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Arab states call for restraint after Hamas attack — but some blame Israel

Iran, Qatar and Kuwait are among the Arab countries that suggested responsibility for the sudden conflict lies with Israel

After Hamas launched a surprise attack on Israel from Gaza on Saturday, killing more than 250 Israelis and wounding upwards of 1,000, the world largely reacted with shock and dismay, and pleas for a quick resolution to the conflict.

In the Arab world, the picture was more complicated. Countries with which Israel has in recent years normalized ties, including the United Arab Emirates and Morocco, urged a cessation of violence on all sides, as did Saudi Arabia, with which Israel is currently working toward normalization. But a number of countries and political groups with whom Israel has no diplomatic relations blamed the conflict on Israel, and called for continuing violence.

A foreign ministry spokesperson for Iran, which is not an Arab state and is closely allied with Hamas, called the attack “the spontaneous movement of resistance groups and Palestine’s oppressed people in defense of their inalienable rights and their natural reaction to the Zionists’ warmongering and provocative policies.”

Here’s how Arab states and political parties have so far responded to the conflict.

Palestinian Authority

“We have repeatedly warned of the consequences of a deadlock in the political horizon and not granting the Palestinian people their legitimate right to self-determination and their state,” wrote the foreign ministry of the Palestinian Authority in a statement. “We have also warned of the consequences of the daily provocations and attacks, the continued terrorism of settlers and occupation forces, and the raids on Al-Aqsa Mosque and the Christian and Islamic holy sites.”

President Mahmoud Abbas declared that Palestinians have a right to defend against the “terror of settlers and occupation troops.”

Arab League

“Israel’s continued implementation of violent and extremist policies is a time bomb depriving the region of any serious opportunity for stability in the foreseeable future,” said Ahmed Aboul Gheit, Secretary-General of The League of Arab States, a coalition of 22 Arab countries. Gheit also called for “an immediate halt to military operations in Gaza” as well as “the cycle of armed confrontation between the two sides.”

United Arab Emirates

The UAE’s foreign ministry told its official news agency that the UAE “calls for the exercise of maximum restraint and an immediate ceasefire to avoid serious repercussions.” The foreign ministry also called for an international collaboration “to advance all efforts made to achieve comprehensive and just peace.”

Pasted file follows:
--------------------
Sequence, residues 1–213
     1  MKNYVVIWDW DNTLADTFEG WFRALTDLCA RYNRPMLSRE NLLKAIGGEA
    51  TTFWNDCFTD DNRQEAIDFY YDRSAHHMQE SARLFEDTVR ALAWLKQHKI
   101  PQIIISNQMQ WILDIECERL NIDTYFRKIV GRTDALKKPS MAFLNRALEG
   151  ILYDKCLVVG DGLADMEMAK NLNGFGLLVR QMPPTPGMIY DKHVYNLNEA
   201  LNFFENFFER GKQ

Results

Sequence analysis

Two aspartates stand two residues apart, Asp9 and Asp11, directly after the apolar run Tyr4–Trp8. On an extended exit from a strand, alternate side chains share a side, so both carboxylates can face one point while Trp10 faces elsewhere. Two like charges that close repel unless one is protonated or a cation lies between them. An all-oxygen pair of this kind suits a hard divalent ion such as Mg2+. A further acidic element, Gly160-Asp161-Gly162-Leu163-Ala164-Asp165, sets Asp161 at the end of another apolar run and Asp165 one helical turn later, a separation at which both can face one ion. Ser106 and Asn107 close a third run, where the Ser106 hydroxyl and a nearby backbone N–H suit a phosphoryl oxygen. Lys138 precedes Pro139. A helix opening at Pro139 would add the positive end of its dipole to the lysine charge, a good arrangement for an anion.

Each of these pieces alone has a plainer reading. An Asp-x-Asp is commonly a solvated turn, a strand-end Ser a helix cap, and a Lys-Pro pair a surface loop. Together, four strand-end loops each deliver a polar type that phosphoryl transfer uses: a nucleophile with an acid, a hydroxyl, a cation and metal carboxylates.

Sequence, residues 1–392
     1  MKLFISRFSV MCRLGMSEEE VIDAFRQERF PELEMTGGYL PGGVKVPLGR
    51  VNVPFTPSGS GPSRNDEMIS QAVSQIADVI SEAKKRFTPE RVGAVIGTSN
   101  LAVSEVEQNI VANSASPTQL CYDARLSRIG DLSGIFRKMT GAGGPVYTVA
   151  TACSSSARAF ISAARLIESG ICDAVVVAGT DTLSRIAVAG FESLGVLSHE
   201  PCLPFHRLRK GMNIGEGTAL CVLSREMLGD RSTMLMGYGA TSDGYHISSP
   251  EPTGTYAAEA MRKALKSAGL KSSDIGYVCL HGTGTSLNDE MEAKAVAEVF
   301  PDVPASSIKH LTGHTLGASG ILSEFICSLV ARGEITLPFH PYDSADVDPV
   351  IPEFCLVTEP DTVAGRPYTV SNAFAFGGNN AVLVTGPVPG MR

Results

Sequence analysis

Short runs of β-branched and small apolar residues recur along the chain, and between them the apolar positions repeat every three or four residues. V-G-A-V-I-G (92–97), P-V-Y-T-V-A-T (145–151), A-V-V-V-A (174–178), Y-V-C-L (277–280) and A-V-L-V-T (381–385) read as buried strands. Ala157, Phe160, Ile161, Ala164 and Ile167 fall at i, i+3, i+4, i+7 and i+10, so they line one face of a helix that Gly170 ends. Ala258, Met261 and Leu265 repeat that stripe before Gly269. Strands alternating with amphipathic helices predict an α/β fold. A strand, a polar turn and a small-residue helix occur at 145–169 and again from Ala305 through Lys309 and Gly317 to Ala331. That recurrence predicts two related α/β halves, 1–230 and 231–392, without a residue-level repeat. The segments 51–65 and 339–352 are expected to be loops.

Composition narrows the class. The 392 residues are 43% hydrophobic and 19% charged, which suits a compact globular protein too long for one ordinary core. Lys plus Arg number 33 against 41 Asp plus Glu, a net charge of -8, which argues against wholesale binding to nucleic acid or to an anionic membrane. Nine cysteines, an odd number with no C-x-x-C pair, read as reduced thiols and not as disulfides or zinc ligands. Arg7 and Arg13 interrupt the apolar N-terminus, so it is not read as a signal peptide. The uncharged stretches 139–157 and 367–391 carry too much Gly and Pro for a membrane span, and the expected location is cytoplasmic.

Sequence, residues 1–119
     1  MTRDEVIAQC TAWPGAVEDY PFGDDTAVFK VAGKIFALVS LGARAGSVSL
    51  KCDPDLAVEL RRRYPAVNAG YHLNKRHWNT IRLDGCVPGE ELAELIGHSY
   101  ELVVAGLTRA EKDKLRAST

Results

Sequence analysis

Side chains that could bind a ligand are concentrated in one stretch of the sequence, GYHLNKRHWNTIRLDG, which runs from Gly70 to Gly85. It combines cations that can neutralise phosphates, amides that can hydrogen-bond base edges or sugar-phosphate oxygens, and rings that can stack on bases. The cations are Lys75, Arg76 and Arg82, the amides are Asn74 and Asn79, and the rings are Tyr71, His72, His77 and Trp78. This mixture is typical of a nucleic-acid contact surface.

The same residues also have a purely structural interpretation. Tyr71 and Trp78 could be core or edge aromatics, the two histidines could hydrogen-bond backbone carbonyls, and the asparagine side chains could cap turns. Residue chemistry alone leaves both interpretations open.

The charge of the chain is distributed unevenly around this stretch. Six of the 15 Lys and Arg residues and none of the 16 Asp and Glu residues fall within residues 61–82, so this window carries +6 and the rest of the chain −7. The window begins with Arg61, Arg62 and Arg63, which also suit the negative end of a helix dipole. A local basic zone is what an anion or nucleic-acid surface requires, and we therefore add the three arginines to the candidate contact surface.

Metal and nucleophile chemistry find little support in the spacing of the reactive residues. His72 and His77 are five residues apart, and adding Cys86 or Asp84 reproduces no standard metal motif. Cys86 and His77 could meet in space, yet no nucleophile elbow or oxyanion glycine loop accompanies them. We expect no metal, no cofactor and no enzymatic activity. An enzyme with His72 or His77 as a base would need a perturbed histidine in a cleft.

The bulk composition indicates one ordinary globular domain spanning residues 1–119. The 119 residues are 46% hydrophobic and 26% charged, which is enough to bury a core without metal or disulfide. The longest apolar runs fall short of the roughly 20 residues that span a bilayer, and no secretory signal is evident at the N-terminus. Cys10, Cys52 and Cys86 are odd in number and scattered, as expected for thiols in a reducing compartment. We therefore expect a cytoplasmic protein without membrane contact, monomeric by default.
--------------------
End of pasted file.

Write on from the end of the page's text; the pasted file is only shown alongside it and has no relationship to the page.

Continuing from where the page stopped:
Saudi Arabia

Saudi Arabia’s Ministry of Foreign Affairs called “for an immediate halt to the escalation between the two sides, the protection of civilians, and restraint.” It also issued a reminder of Saudi Arabia’s “repeated warnings of the dangers of the situation exploding as a result of the continued occupation, the deprivation of the Palestinian people of their legitimate rights, and the repetition of systematic provocations.”


Bahrain, with which Israel has normalized relations, “stresses the need for de-escalation among all parties to preserve the lives of people,” the Ministry of Foreign Affairs wrote in a statement. It also warned “that the continuation of violence will impede the efforts aiming at achieving a just and lasting peace in the Middle East” and called for the international community to work toward “establishing the Palestinian state according to the two-state solution and other international legitimacy resolutions.”


The Qatari Foreign Ministry wrote that it “holds Israel solely responsible for the ongoing escalation due to its ongoing violations of the rights of the Palestinian people,” and called on “the international community to act urgently to compel Israel to stop its flagrant violations of international law, respect the resolutions of international legitimacy and the historical rights of the Palestinian people, and to prevent these events from being used as a pretext to ignite a new asymmetric war against Palestinian civilians in Gaza.”


Kuwait blamed Israel for “blatant attacks” against Palestinians. The Kuwaiti foreign ministry called for an international charge to “stop the provocative practices by the occupation.”


The Iranian-backed Lebanese group said it was in “direct contact with the leadership of the Palestinian resistance” and called the attack a “decisive response to Israel’s continued occupation and a message to those seeking normalization with Israel,” according to Reuters. On Sunday, Hezbollah launched rockets and shells at three Israeli positions in the north that it considers Lebanese territory.


Egypt’s foreign ministry “called for exercising the utmost restraint and avoiding exposing civilians to further risks, warning of serious repercussions as a result of the escalation of violence, which would negatively affect the future of truce efforts.”


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